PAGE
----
In my last blog entry, I commented on the international service workers in Lebanon. As these workers are often from underdeveloped countries (relative to Lebanon), this group represents a fascinating social dynamic in the country. Also interesting is that a sizeable chunk of the Lebanese population is engaged in work abroad, often in African countries. However unlike the thousands of Egyptians that work in manual labor or service jobs in countries like Jordan or the United Arab Emirates (both places I have lived and worked), many of the Lebanese that work in African countries are there as independent entrepreneurs or salaried employees in a diverse range of industries (food production, electronics, general commerce, etc.). I continue to be impressed by the high educational levels and business savvy of Lebanon’s people.
The strong linkages between Lebanon and the African continent are clear at all levels of society. The “service” (shared) taxi driver that masterfully negotiates the traffic of Beirut’s morning commuters has worked in Ghana and the Ivory Coast. He was an employee in a food services company. The father of Ameen’s marketing officer is an established businessman in the Ivory Coast; he has been working there for nearly 20 years. A Kiva borrower I met in the Southern town of Tyre had spent five years working in the Ivory Coast for Philips (electronics company) before moving back to Lebanon to get married. Ameen’s all-purpose man (driver, office assistant, and unofficial tour guide) spent several years working as a commercial trader between Lebanon and the Central African Republic. The two cousins of the Ameen Kiva Coordinator are company employees in Nigeria. I was really surprised to hear from one of Ameen’s Area Supervisors, who lives in the Southern town of Nabatiyeh, that it is common and expected in his community that at least one son or male member of every family is working in an African country.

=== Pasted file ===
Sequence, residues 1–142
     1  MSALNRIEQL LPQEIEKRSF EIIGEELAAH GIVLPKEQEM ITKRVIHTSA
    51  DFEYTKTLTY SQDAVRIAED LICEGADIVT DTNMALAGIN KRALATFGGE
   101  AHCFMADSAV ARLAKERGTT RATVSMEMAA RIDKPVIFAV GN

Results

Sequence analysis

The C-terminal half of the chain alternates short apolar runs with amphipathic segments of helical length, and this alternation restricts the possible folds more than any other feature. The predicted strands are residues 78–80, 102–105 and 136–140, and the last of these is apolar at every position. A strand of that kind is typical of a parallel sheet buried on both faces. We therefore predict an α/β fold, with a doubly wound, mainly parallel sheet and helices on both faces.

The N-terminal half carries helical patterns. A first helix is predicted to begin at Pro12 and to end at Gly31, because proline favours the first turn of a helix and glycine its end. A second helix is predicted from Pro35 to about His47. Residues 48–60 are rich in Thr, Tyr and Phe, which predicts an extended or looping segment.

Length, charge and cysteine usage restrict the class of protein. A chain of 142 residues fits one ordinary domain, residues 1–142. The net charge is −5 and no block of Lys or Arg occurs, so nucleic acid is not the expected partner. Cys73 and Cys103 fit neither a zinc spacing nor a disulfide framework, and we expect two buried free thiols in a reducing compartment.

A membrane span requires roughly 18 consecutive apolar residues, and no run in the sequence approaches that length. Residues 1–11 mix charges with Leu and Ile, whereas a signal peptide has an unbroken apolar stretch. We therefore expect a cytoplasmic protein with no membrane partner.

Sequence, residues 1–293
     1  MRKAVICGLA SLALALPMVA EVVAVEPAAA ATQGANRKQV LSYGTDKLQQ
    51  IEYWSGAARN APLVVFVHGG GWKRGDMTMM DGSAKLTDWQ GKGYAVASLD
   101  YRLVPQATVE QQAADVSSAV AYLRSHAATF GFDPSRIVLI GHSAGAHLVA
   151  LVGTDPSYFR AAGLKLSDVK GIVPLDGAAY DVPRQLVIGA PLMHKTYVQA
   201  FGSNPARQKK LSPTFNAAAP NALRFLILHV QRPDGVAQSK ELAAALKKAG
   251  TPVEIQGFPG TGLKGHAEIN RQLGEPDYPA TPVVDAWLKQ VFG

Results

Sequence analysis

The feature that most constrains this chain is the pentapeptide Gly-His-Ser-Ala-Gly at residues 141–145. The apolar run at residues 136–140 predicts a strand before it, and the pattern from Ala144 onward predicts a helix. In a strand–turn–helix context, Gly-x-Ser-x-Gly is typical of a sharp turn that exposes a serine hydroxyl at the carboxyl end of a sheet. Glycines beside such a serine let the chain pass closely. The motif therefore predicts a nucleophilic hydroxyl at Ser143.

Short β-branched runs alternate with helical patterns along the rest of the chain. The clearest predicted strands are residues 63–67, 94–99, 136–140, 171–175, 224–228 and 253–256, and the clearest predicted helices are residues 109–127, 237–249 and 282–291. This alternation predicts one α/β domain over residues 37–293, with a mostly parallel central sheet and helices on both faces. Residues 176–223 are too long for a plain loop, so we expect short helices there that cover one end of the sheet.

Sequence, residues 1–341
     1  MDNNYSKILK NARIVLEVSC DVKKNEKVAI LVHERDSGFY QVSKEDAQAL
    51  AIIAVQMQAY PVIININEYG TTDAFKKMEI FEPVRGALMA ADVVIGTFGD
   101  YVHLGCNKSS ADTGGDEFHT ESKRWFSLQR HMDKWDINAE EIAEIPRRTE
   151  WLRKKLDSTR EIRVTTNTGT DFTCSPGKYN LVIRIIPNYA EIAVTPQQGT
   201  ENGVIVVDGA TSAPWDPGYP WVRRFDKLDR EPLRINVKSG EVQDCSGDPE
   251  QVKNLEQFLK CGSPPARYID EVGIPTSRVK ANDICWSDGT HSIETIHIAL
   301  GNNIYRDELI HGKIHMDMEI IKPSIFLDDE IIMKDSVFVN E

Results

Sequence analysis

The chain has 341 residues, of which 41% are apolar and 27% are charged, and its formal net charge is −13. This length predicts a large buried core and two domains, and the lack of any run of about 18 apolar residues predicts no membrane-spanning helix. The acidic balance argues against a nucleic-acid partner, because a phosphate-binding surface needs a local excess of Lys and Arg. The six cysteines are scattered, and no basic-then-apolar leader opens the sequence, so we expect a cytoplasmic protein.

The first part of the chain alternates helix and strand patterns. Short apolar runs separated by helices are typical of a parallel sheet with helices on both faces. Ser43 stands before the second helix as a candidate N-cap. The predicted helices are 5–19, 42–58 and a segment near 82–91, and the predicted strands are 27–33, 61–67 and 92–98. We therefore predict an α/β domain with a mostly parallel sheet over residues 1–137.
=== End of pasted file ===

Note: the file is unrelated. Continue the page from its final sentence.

As I spend more time in Lebanon, I am more and more intrigued by the interweaving and clashing of cultures. I am making a sincere effort to understand the country’s complex and rich political and economic history, which has proven to be a daunting task that will surely extend beyond my Kiva Fellowship. In so many ways it has been the wrongdoings, selfishness, or complete neglect of international actors that has left Lebanon to struggle and suffer over the past few decades. Yet at the same time, the Lebanese have also capitalized on the international influences that have drifted through its mountains and valleys in terms of language, business, religion, and economic policy. The significant business relationships between Lebanon and African countries are excellent illustrations of the country’s truly international experience.
I am beginning to understand that the only common aspect of the Lebanese people is in fact their uniqueness and diversity.
Nishita Roy is a Kiva Fellow (Class 10) serving in Lebanon. Get involved with Kiva’s Lebanon partners, Ameen s.a.l. and Al Majmoua, today! Make an impact by lending to a Middle East entrepreneur today!